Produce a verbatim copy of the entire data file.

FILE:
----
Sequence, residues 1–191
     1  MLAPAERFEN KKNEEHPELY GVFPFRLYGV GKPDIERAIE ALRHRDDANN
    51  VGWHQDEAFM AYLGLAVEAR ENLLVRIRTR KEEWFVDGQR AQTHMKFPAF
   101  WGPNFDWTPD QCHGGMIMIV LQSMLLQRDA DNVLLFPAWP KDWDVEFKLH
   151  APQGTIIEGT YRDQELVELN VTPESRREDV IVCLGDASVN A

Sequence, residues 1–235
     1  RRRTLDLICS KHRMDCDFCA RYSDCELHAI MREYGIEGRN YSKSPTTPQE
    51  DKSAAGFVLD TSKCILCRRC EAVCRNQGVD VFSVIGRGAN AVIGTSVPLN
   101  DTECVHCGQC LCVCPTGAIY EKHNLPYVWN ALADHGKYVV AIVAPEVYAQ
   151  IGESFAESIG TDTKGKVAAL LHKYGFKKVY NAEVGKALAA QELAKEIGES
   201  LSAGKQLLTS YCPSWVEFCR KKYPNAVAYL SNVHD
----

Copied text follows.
Sequence, residues 1–191
     1  MLAPAERFEN KKNEEHPELY GVFPFRLYGV GKPDIERAIE ALRHRDDANN
    51  VGWHQDEAFM AYLGLAVEAR ENLLVRIRTR KEEWFVDGQR AQTHMKFPAF
   101  WGPNFDWTPD QCHGGMIMIV LQSMLLQRDA DNVLLFPAWP KDWDVEFKLH
   151  APQGTIIEGT YRDQELVELN VTPESRREDV IVCLGDASVN A

Sequence, residues 1–235
     1  RRRTLDLICS KHRMDCDFCA RYSDCELHAI MREYGIEGRN YSKSPTTPQE
    51  DKSAAGFVLD TSKCILCRRC EAVCRNQGVD VFSVIGRGAN AVIGTSVPLN
   101  DTECVHCGQC LCVCPTGAIY EKHNLPYVWN ALADHGKYVV AIVAPEVYAQ
   151  IGESFAESIG TDTKGKVAAL LHKYGFKKVY NAEVGKALAA QELAKEIGES
   201  LSAGKQLLTS YCPSWVEFCR KKYPNAVAYL SNVHD